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  19. I concur with Glowless!

    The dead murdered woman painting is so very creepy. And his ex didn't like it, she was just too afraid to voice her opinion.

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  20. This post is incredibly moving. I don't know how you manage to write so beautifully about something so horrible. I guess it says a lot about you that you're capable of making something so ugly seem somehow connected and poetic. Thank you for sharing.

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  21. I don't think you could have put a better picture up in it's place. It's just...perfect.

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  22. When people see their own darkness as art and / or beautiful then they are truly lost. So glad you dumped that painting and everything that went with it. So glad your voice is strong.

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  23. Oh Kristin.

    That picture sent cold chills down my spine & then your comment in response to Kakka made me feel physically ill.

    When people say things happen for a reason, sometimes it's hard to imagine what that reason is at the time - but if your assault was the only way the Universe could get you & your children out of that life then it really was a blessing.

    With each piece of the story you share with us, my admiration & respect for you grows more - just when I think it couldn't be any greater than it already is.

    Sending you love & light always xx

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  24. I don't like the Jungfrau painting.
    I don't like the other one either, but the Jungfrau really hurts my eyes.

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  25. Kristin, you can write. Like, you can really, really write.

    I know you know this ... but I hope you know it the way I am telling you. You were born a writer - it's your art. Fucking outstanding post. XOXOX

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  26. I've been gone--turtling, as I call it--for a while, but am easing my way back in. So hello, dear.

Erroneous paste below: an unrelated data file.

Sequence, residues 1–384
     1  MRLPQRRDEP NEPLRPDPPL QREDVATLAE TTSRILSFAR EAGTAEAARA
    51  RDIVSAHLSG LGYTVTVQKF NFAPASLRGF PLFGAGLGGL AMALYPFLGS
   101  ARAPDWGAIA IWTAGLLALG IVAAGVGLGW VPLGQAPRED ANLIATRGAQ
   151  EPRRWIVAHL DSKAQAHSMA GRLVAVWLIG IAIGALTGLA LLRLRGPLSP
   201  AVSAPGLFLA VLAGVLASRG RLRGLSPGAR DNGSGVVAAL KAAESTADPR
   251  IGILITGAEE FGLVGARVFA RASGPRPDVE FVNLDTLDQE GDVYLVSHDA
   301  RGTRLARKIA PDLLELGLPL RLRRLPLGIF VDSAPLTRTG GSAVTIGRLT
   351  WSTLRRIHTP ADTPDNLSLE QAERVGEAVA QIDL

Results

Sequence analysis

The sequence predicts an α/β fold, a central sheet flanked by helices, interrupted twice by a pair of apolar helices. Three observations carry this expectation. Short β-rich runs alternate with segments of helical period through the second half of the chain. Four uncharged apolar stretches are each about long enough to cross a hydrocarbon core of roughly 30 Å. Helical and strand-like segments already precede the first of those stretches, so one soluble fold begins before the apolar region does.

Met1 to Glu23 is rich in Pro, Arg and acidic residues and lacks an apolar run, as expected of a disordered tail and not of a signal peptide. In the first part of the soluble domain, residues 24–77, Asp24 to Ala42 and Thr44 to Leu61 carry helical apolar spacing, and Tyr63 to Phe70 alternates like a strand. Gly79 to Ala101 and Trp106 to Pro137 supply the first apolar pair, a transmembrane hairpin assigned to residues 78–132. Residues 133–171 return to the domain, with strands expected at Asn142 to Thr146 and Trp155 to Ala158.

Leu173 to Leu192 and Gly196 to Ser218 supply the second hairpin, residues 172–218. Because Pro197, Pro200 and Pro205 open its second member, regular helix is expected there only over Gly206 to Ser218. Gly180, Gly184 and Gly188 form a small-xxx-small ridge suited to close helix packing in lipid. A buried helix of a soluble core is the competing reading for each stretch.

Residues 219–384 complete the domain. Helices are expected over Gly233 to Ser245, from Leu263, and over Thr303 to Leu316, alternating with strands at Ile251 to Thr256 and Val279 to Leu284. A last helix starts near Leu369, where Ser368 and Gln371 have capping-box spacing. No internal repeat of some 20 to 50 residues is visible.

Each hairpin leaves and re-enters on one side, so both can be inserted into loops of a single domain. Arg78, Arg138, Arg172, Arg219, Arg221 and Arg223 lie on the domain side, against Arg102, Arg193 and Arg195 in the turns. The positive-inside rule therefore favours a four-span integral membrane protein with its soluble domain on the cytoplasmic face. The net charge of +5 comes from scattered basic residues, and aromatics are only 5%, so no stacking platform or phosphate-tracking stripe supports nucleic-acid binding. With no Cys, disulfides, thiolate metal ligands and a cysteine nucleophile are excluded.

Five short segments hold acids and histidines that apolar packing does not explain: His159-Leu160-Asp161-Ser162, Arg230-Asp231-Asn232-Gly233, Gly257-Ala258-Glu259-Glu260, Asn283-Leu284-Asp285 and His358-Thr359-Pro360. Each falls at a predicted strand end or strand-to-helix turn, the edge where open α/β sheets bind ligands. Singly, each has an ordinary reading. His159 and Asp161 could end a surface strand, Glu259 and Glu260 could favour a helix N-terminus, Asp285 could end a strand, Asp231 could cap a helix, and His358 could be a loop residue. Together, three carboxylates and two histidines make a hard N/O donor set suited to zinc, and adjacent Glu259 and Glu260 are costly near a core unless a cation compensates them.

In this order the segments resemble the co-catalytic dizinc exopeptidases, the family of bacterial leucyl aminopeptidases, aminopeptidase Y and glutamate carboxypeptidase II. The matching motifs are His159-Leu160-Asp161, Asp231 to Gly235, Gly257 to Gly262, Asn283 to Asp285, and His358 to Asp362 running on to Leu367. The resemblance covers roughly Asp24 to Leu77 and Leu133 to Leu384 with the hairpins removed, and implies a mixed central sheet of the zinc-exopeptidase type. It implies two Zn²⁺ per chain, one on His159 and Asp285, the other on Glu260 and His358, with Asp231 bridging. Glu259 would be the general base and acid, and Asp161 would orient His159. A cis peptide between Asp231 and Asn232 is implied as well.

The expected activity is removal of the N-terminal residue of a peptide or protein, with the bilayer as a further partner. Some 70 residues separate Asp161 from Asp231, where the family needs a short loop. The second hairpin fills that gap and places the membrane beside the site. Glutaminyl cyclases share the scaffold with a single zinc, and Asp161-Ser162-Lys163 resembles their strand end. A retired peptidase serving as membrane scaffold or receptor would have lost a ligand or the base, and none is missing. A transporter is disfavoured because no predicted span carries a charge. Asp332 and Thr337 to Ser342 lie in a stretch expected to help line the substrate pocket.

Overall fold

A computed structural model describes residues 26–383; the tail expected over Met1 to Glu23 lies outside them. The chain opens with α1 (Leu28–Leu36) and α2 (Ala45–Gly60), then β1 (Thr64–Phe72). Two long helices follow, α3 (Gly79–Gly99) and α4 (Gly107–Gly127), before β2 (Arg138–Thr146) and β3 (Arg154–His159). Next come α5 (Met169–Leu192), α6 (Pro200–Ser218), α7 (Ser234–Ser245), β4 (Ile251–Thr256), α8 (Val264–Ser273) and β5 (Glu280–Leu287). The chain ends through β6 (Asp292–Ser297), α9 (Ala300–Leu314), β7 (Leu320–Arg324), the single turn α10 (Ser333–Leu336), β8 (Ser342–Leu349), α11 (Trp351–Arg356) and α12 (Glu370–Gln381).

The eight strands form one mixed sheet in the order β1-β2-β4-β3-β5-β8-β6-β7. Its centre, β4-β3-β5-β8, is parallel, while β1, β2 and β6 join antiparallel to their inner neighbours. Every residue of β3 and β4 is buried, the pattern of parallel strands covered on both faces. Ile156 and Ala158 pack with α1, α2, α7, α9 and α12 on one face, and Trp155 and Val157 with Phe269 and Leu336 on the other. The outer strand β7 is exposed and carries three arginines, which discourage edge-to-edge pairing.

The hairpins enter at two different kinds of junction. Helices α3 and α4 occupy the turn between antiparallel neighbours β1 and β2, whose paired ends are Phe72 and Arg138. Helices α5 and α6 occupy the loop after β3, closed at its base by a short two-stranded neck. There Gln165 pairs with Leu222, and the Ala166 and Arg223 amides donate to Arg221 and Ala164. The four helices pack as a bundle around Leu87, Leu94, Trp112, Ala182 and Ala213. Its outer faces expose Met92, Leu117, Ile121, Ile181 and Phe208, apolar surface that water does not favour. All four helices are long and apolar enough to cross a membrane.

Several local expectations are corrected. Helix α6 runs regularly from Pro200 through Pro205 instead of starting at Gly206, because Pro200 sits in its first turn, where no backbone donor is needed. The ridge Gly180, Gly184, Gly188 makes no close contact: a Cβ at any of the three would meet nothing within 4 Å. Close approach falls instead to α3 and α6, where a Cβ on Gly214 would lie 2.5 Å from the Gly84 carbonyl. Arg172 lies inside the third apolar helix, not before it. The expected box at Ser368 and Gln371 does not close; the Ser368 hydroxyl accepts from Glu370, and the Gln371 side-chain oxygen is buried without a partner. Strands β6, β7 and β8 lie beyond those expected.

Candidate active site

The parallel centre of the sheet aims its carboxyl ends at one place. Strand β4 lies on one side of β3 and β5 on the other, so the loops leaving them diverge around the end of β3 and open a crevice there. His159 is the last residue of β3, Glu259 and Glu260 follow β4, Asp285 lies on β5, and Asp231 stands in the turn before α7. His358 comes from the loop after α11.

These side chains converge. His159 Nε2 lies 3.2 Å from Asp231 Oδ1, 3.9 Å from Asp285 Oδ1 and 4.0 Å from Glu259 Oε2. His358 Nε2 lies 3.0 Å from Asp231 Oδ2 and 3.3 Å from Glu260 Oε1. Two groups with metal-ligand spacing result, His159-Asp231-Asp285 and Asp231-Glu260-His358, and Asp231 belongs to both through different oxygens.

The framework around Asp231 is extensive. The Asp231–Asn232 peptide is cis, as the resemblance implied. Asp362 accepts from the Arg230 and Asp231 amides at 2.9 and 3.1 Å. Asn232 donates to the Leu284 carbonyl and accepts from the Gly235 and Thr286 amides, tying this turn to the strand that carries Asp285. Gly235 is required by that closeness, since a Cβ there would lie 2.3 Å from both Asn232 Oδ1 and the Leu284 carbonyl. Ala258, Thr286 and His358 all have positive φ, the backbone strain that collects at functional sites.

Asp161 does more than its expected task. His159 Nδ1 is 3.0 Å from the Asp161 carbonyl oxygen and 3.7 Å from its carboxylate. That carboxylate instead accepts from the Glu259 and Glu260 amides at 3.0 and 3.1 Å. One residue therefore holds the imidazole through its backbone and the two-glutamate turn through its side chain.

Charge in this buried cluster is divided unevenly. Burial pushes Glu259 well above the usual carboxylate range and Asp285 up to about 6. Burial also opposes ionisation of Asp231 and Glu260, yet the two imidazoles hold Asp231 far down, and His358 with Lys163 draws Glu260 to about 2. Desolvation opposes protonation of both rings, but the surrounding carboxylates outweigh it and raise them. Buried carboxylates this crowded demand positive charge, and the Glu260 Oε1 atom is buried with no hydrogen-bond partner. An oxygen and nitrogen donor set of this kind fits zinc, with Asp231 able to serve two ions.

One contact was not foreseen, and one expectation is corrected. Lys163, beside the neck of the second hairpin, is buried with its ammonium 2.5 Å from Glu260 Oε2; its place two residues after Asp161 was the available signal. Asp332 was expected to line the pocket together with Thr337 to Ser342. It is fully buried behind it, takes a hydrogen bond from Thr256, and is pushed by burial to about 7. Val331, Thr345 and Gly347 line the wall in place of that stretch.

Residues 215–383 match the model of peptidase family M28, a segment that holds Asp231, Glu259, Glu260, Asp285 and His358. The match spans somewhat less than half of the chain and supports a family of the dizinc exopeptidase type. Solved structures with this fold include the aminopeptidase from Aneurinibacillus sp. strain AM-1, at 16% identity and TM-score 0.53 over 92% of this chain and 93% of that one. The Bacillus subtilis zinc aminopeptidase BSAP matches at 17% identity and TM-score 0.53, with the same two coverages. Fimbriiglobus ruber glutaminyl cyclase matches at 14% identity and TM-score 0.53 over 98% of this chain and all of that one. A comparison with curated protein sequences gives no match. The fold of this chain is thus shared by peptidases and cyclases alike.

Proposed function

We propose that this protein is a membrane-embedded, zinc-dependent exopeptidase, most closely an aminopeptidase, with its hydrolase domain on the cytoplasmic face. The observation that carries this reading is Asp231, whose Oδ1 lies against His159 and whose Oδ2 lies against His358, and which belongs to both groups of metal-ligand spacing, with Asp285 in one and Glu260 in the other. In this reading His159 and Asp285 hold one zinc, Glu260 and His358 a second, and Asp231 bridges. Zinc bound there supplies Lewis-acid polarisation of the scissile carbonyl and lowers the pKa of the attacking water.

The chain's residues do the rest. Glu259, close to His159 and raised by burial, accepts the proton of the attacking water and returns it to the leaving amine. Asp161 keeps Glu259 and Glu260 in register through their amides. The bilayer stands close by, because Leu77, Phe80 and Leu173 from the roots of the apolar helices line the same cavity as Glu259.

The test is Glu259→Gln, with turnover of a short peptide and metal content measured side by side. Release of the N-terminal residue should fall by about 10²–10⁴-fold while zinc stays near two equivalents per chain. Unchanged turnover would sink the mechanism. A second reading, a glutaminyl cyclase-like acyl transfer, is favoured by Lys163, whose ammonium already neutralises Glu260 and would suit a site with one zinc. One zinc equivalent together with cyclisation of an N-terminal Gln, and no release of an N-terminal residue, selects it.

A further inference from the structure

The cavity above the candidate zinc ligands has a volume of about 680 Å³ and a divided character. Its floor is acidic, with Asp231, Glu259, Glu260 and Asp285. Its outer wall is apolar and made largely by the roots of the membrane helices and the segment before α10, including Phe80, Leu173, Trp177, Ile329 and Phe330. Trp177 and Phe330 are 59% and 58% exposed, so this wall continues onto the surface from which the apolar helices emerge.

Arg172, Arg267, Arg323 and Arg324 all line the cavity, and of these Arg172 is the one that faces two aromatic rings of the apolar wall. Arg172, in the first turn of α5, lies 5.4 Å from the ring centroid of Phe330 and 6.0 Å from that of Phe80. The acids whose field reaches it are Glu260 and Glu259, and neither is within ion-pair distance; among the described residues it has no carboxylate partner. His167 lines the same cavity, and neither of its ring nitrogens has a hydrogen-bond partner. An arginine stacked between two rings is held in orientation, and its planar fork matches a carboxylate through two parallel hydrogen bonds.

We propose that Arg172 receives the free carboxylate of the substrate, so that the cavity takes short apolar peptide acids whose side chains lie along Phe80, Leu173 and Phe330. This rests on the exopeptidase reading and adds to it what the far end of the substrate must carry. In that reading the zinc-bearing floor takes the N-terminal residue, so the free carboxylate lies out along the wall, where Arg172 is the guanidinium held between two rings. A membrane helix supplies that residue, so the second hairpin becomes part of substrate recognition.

Your voice has become so lovely and clear and achingly TRUE. Sometimes it is in the times of greatest pain that we also find our truest selves.

    Bravo, darling.

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  27. I love this post Kristin. The painting was no doubt creepy. It just sent chills down my spine reading that account.
    My daughter just recently left her physically abusive husband. He keeps finding ways to get her to go with him to his parents place (which btw they're no help at all).
    Whenever she talks to me I always think of your story. This is the first time I've told anyone within the blogging community. I hope she finds the strength to leave him. I hope he rots in jail in the end. He belongs there.

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  28. **Leave him for good (is what I meant in the above comment). Why does she do that? Goes with him when he picks her up from where she's living? I don't get it.

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  29. That painting is seriously creepy. I'm so glad you got rid of it.xxxx

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  30. @ Mena - There is a something you might share with your daughter, it's called the Cycle of Abuse (I'll give you a link below, but it's all over the web, just google it). It demonstrates that one of the stages in the cycle is the "reconciliation/honeymoon phase". During this phase the abuser often showers his partner with love and attention, apologizes for his behavior, makes promises to change, or even acts so remorseful that he talks about suicide. It is a period of relative calm, but it is followed by a period of building tension, and finally another incident of abuse.

    These times when he is talking her into going to see his parents he may be kind and charming, but she needs to understand that this behavior is temporary and the abuse will return.

    I'm glad she left. I, too, hope she doesn't return. Much love to you and your daughter. xx

    Here is the link:
    http://www.squidoo.com/cycleofabuse

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  31. Yikes! That painting WAS creepy. I would have had nightmares, ESPECIALLY now after hearing your story. Glad you got rid of it AND him! I love the new painting and your new lease on life!

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  32. Glad that painting is out of your house. Objects hold some energy maybe. Love Klimt! Go Kristin!

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  33. You are so hugely beautiful. I am so glad I found your blog.

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  34. I hear every word of this as if you are speaking it directly to me. I hear your voice. I hear you. You are an amazing writer and an amazing woman. xx

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  35. Kristen, you are amazing.
    As a woman, a mother, a writer and a survivor.
    You are amazing.

    xoxo

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  36. This is just so beautifully written. Am in awe. Bless the blogging world for giving talent like you a chance to shine, and also a chance to heal and help.